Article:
Westpac has been hauled in for questioning by the Banking Royal Commission. Picture: AAP
Westpac has been hauled in for questioning by the Banking Royal Commission. Picture: AAP

Why Aussie banks want to keep us in the dark

THE Royal Commission has rightly exposed extraordinary allegations of despicable actions from financial institutions who we thought we could trust.

There have been the allegations of bribes. The stories about fees for no service. The people being sold worthless insurance policies. The list goes on, and it's going to get longer.

At the core of what banks have done is exploit the trust that we've all given them from a young age.

But how did we become so vulnerable and how have they managed to get away with it?

Among the reasons they've been able to pull the wool over their customers' eyes, is that we've been raised in a country where so many of us never really got a decent financial education.

This lack of financial literacy has left many Aussies vulnerable to exploitation.

In our confusion, we've turned to the banks to help us make sense of the mortgages, superannuation, credit cards and insurance policies that we can't quite get our heads around. And the banks saw us all coming.

They filled this knowledge vacuum with marketing programs for their own products and its been a toxic mix. As a result, not only have we handed our money over to banks, but we've handed over the way we learn about it too.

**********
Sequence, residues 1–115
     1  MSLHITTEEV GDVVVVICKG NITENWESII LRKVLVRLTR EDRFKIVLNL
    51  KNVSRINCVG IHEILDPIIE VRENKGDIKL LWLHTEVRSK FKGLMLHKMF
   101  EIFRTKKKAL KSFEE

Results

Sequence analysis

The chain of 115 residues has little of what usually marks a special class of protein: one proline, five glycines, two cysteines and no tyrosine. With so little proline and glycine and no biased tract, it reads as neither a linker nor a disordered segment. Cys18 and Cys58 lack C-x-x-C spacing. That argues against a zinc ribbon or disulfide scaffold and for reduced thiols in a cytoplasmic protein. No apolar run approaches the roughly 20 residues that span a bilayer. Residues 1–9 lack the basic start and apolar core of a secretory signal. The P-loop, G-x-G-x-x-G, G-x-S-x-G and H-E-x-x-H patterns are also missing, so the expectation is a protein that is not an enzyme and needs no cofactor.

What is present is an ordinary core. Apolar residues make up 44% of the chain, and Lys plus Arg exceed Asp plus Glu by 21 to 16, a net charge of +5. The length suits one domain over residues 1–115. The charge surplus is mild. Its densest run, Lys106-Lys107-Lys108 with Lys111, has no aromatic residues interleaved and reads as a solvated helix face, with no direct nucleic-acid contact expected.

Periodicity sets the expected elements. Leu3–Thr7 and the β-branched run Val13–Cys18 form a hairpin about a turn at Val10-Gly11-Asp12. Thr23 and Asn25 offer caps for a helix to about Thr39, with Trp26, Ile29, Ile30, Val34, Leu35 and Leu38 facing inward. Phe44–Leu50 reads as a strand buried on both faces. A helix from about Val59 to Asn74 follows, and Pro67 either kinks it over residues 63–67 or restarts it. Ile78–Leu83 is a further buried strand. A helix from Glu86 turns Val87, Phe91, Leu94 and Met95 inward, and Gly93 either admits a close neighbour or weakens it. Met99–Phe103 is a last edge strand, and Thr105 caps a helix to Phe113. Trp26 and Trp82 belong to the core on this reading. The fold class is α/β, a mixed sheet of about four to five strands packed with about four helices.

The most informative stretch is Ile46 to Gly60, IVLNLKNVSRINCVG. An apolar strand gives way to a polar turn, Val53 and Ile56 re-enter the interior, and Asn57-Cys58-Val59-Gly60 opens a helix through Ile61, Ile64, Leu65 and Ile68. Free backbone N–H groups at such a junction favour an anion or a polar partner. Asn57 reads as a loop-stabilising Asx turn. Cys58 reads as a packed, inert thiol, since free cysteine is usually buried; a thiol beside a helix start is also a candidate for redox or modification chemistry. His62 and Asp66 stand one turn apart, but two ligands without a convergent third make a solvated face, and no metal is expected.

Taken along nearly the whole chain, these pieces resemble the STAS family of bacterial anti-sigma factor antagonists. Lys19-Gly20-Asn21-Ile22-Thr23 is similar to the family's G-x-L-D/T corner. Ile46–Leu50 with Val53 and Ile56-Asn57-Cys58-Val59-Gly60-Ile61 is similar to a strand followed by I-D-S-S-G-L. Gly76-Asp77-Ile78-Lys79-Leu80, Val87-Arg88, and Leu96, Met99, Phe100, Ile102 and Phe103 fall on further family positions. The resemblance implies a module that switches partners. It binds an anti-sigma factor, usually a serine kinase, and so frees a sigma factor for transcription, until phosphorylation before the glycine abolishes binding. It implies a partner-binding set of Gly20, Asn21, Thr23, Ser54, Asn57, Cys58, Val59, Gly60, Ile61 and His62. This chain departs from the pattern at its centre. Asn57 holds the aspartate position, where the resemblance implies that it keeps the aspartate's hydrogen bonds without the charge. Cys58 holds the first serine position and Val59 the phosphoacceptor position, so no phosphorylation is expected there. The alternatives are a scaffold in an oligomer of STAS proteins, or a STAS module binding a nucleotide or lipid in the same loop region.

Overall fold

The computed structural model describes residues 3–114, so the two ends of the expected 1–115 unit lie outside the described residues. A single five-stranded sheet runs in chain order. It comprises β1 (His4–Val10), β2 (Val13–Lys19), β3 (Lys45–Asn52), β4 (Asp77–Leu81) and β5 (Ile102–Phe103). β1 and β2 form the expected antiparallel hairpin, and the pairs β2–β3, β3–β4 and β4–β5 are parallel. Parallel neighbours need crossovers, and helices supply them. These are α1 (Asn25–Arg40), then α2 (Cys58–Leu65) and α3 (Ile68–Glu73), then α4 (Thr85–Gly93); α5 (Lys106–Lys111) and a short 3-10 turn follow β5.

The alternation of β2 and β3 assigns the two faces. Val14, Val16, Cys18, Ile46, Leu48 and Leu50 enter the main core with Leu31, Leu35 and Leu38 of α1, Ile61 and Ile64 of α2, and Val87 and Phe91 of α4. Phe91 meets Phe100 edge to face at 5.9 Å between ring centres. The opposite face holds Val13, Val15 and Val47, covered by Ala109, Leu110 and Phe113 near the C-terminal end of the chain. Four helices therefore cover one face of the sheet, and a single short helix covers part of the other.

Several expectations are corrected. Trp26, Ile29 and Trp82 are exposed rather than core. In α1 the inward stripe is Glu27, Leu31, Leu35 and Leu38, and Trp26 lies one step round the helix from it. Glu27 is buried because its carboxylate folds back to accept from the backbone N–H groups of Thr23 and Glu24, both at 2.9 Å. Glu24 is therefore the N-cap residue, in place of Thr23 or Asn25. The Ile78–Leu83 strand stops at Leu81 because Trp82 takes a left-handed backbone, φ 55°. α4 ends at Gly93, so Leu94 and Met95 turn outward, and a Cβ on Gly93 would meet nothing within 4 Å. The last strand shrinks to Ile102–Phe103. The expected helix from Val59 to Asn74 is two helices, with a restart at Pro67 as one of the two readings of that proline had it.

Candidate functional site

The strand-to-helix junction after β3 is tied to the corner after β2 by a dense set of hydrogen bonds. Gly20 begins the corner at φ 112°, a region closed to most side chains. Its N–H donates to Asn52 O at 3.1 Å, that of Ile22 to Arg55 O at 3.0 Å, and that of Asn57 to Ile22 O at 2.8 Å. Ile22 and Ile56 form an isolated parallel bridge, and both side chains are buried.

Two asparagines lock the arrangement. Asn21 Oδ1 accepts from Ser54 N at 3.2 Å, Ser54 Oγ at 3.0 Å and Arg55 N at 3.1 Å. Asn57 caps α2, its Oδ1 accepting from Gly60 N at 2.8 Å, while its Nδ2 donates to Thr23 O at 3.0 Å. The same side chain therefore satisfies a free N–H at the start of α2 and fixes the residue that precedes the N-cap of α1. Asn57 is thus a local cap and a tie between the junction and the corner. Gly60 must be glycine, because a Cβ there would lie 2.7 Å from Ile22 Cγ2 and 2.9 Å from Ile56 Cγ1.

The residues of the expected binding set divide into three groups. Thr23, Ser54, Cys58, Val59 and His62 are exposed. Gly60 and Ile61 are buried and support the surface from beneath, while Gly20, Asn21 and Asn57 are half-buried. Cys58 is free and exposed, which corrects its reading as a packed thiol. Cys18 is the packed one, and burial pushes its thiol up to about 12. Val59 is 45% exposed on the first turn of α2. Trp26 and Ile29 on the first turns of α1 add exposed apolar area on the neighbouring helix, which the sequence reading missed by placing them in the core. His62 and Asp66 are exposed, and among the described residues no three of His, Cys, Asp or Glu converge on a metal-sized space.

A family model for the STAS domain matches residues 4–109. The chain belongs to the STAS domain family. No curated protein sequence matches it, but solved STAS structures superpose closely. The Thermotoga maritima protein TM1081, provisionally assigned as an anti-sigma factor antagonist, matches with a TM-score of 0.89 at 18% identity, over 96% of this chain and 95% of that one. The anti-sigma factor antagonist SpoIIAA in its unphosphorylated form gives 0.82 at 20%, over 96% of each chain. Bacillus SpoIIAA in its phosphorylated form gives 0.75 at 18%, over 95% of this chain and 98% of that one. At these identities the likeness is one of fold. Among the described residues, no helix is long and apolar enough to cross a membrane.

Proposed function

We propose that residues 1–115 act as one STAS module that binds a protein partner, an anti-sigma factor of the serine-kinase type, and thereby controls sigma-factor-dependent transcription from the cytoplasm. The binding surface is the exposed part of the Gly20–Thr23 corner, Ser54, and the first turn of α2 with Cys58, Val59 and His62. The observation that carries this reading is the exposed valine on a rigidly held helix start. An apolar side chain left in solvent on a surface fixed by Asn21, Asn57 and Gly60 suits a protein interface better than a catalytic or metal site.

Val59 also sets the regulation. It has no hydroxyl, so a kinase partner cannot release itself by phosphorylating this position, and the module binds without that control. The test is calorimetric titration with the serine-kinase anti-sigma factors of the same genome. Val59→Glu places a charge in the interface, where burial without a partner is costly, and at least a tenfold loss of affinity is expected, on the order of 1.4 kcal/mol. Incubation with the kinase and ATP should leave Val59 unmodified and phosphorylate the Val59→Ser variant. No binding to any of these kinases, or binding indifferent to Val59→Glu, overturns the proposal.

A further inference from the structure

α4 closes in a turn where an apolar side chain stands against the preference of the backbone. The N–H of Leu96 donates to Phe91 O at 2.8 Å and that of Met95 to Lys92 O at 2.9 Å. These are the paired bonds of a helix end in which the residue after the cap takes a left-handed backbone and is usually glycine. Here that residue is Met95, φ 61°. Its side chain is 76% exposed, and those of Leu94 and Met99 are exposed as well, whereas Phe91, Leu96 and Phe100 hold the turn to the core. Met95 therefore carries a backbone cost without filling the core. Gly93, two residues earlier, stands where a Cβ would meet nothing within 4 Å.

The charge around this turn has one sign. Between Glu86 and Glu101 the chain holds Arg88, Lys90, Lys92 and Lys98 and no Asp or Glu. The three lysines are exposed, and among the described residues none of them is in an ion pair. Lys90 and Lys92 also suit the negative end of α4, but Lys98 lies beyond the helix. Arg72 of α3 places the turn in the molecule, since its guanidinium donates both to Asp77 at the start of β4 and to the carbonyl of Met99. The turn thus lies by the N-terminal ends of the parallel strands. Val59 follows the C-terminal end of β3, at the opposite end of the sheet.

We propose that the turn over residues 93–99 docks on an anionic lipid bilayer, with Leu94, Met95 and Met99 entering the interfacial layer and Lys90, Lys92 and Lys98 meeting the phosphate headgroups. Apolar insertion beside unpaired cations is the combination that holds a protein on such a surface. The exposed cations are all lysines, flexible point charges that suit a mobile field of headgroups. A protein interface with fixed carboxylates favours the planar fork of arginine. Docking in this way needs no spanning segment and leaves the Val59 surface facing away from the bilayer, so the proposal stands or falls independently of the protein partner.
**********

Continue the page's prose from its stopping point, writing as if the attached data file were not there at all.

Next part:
For many of us, letting banks teach us about money started with opening Dollarmite accounts in school as kids. They built trust by getting children to hand over their pocket money to space aliens, and we've fallen for the tricks ever since.

The bank's mortgage calculator says I can borrow this much money? Great, I'll have the lot. They're offering me a credit limit increase? I'd better take it, just in case. They must really trust me with so much money! The kids want a guarantor to get a loan? Well I guess the guy at the bank said a lot of families are doing it.

One particular area of concern where it's been shown that many of us just don't get it, is when it comes to "interest-only" home loans.

Frighteningly, UBS estimates that one third of borrowers with these interest-only loans don't actually realise they're not paying off any of the principal. Even if they do, many more also don't realise that the interest-only period usually only lasts a few years. Once it expires, repayments rocket up as the mortgagee suddenly has to start paying off the principal.

One couple, Ian and Michelle Tate told ABC's 730 that after purchasing several investment properties, they discovered this the hard way.

"We weren't actually told what the terms were, how long the loan was a going for."

Unable to afford the rises, they face an uncertain financial future. Should the bank have explained things better? Of course it should. But our education and understanding of these issues can't start the moment we walk into the bank and place our trust in them.

We need to be armed with a better financial know-how years before we're sitting at the bank manager's desk.

Another problematic area is when borrowers have massively underestimated their living expenses in order to qualify for higher loans.

They've been given the nickname "liar loans".

UBS estimates that $500 billion has been leant by Aussie banks to customers who gave information that was "not completely factual and accurate" in order to get a mortgage.